Let the lamb slow cook for a low stove 2-3 hours(time depends on how big or small your pieces are as well as the quality of your meat). You will need to check time to time to make sure that nothing is sticking to the bottom, if so, add a splash of water.
Once the lamb is 90 percent cooked, keeping heat low, add the beaten yogurt and mix well rigrously else the yogurt will curdle. Saute the lamb with yogurt for 5-10 minutes untill you see oil bubbles on the sides of the pot. Check and adjust the salt at this stage. At this stage, lamb will be 95 percent cooked.
Add the potatoes to the pot, mix and cover the lid again.Let potatoes cook for 5-8 minutes or untill fork tender.
Once the meat and potatoes are done, take off the stove. Add nutmeg and gently mix everything well.
Things have been so quite here but not so much in my kitchen. Most days, we are eating fresh and home cooked, the kitchen is so busy but other priorities in life have made me slightly busy that there is less time to set up shoots and hence the lack of posts. But I guess, sometimes in life, you need to cut the routine to see how doing nothing or something different feels. This summer I am involving myself in things which I have not done in last few years, more on that later. It is good to be away for a while. Hope you missed me 🙂 However, I will keep this space buzzing whenever I can.Meanwhile, you can catch me on Instagram & Facebook.
I grew up eating it in small grey cardboard cups which had a flip lid. You flip away the lid and a couple of chubby brown raisins stared at you on top of blushing pink with soft bits of cashews scattered in. I always used my nails to pick the raisins out first and then the paddle shaped wooden spoon to scoop the rest. One cup disappeared after another in no time, sitting under the shade of kumquat tree in blazing indian summer heat, sweaty foreheads, dripping cream on our dresses and white foamy mustaches, oh to be a child again!
I came up with this recipe fueled by this tradition in my kitchen to come up with an ice cream recipe each summer.It came out amazing, like most homemade ice creams do. I used a subtle flavor of green cardamom but vanilla will work great also. The husband loved it.I loved it and so did our little girl who is fond of all things cashew. I hope you will love it too!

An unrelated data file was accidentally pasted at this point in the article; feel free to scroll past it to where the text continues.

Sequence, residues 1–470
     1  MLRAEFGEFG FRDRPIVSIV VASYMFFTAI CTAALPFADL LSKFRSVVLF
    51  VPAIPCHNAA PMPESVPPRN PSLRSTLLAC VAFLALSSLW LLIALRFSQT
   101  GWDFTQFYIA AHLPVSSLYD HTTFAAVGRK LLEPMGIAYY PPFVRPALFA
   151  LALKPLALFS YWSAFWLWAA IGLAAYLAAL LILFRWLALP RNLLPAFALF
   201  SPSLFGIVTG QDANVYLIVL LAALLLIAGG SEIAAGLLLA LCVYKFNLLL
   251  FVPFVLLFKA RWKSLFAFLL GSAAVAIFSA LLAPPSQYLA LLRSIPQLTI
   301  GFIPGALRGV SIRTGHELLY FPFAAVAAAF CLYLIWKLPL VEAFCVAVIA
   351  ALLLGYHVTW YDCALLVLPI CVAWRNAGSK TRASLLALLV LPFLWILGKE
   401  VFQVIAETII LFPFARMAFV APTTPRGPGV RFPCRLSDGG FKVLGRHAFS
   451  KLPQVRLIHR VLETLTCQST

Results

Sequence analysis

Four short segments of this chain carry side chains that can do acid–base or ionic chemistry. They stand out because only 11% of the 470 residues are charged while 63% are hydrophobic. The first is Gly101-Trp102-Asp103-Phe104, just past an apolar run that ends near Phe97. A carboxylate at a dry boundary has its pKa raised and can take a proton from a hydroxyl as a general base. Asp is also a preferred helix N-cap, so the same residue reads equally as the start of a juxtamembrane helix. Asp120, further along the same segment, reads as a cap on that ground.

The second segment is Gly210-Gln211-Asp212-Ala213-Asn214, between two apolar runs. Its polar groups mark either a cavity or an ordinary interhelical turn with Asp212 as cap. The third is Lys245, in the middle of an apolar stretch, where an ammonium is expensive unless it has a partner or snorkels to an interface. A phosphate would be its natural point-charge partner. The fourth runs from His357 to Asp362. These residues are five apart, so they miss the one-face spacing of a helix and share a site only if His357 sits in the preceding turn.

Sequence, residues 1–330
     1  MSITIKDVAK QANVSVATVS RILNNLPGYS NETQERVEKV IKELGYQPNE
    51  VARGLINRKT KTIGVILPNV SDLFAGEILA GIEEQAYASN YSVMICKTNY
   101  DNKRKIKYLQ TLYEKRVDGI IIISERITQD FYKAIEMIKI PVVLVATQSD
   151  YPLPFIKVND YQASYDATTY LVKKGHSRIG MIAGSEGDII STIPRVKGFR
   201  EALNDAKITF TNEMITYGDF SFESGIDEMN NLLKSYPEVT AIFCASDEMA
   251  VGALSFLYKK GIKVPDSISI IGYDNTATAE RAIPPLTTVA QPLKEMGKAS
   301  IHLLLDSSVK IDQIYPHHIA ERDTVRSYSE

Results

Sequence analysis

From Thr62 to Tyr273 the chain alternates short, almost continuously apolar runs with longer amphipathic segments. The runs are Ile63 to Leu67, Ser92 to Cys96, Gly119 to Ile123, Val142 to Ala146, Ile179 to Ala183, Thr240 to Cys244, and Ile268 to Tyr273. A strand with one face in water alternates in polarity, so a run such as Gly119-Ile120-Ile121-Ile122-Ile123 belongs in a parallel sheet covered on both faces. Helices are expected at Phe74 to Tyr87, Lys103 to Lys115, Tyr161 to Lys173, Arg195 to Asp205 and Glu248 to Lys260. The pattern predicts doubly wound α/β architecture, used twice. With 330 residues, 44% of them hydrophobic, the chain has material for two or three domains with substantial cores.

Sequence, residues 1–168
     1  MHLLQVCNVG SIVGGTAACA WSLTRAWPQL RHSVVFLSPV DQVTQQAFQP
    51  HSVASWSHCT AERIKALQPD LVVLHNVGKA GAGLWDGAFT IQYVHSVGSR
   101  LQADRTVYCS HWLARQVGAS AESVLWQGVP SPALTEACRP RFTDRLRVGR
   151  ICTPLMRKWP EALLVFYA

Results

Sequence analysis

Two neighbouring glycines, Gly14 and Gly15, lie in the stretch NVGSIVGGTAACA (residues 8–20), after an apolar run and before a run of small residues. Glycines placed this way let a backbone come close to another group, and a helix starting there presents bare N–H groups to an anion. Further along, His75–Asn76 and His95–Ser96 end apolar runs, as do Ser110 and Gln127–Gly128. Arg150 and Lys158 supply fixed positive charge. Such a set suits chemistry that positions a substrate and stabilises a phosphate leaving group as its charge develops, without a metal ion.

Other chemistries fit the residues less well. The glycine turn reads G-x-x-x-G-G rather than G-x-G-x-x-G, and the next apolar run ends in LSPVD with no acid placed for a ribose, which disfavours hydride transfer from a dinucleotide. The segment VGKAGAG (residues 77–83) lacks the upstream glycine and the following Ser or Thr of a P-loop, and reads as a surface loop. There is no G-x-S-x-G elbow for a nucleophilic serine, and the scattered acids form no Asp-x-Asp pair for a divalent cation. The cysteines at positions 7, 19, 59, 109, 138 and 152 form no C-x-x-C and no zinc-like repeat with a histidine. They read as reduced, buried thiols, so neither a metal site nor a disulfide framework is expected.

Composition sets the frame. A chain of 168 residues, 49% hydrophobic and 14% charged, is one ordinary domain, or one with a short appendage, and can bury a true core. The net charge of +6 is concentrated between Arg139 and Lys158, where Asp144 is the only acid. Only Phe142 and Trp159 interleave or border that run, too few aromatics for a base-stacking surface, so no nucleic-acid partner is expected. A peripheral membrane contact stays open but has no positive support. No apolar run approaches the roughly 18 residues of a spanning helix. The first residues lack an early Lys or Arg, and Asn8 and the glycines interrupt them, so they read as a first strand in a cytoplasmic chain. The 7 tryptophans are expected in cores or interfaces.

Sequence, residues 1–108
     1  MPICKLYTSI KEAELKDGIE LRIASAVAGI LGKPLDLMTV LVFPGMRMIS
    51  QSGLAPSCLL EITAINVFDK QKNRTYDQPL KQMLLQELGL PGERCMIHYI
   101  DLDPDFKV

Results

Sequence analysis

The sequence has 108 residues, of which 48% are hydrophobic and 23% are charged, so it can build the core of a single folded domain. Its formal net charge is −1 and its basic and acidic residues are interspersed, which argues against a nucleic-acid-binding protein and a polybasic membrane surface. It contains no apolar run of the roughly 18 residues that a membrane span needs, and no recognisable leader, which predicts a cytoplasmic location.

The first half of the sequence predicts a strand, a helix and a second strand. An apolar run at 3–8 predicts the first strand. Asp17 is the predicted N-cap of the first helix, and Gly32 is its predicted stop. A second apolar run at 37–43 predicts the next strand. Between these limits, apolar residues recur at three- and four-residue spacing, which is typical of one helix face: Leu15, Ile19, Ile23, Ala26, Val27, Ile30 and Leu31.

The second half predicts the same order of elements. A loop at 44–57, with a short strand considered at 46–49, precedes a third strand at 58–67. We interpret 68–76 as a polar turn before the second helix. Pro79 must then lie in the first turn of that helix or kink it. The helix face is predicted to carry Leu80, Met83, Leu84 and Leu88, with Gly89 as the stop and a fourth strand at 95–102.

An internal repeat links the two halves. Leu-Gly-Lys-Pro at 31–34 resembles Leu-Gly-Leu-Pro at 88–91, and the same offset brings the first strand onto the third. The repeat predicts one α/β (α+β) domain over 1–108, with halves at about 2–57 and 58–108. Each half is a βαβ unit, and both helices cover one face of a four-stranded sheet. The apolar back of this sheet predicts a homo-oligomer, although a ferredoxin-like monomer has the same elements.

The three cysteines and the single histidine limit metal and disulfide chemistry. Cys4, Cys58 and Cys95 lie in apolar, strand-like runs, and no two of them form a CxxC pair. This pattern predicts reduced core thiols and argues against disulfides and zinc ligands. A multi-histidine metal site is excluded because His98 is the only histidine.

Update 10/03/2015 Recently Sinfully Spicy was included in Top 50 Blogs of India. Link here
Soak 1 cup raw cashews for 5-6 hrs. Drain. Bring 4 cups of water to a boil, add the soaked cashews and let boil for 5-8 mins. Drain and let cool down completely. Transfer to a blender and using 1/3 to 1/2 cup evaporated milk (or full fat milk) grind the cashews to a coarse paste.
Mix 2 cups of heavy cream with a 14oz can of condensed milk. You can add sugar(about 1/4 cup) if you want to adjust sweetness. Mix the cashews paste along with 1 tsp fresh ground cardamom. Combine well, transfer to the dish in which you want to freeze and freeze for 5-6 hours. When the mixture starts freezing and has a pudding consistency,add in handful of dry toasted cut up cashews(optional) along with 1/2 cup of golden raisins. Freeze overnight. Scoop and serve.
The first thing to be spotted in markets at the turn of April or May as soon as the short fairytale called winter is over is okra pods. It probably tops the list of summer vegetables in India. I would compare the hue and cry about it to sight of fresh tomatoes here. I would accompany my grandmother to our daily vegetable vendor, leaned over his cart and gazed at the pile of okra that occupied half of the space and observed how my grandmother chose the dark green, soft, slender ones while arguing about how costly he sold his produce. Almost each week, sometimes more than once, okra formed a part of our meals. My mother tells me that it was my grandfather’s favorite vegetable so our family recipe repertoire is packed with a lot of ways to cook it. As the summer progressed, by the months of July and august and with the knock of monsoons and okra slowly losing their crisp texture, only then the focus shifted to other vegetables.
However, it was not until I met the husband that I cooked okra with potatoes. Kid you not, I had not even heard about it in all my years of living in northern parts. It’s hard to say if his suggestion to do so was driven by his childhood food memories or his obnoxious need to combine potatoes with each and every food group possible, but the deal didn’t get too bad here and these two vegetables worked beautifully the first time I cooked them. We continued discussing for many years, each chance I got to get okra home as to how the recipe can get better and better until I mastered it.
These emerald looking, slender beauties pair with earthly flavor of starchy potatoes so well. On the lines of stuffed okra, I always add fennel seeds to my okra recipes and you will need to do that to know how deliciously this grassy vegetable braces the liquorice of that spice.Try it. The deal with dealing with all the nuances which people associate with okra is not to go too stingy on oil quantity as well as not to let the vegetable steam too much while cooking. I cover it for no more than few initial minutes after its added to pan and then continue cooking uncovered till its done, this preserves the beautiful color as well as eliminates the chances of mushy okra.
Wash okra thoroughly under running water. After washing spread them on a kitchen towel and let air dry for at least 2 hours. If you are in a hurry, thoroughly wipe out the okra with paper towels so that they are completely dry.
Halve or quarter the okra lengthwise or cut as you like them. Discard the bottoms and tips.
Peel the potatoes and cut them lengthwise. Try not cut them very thick or thin.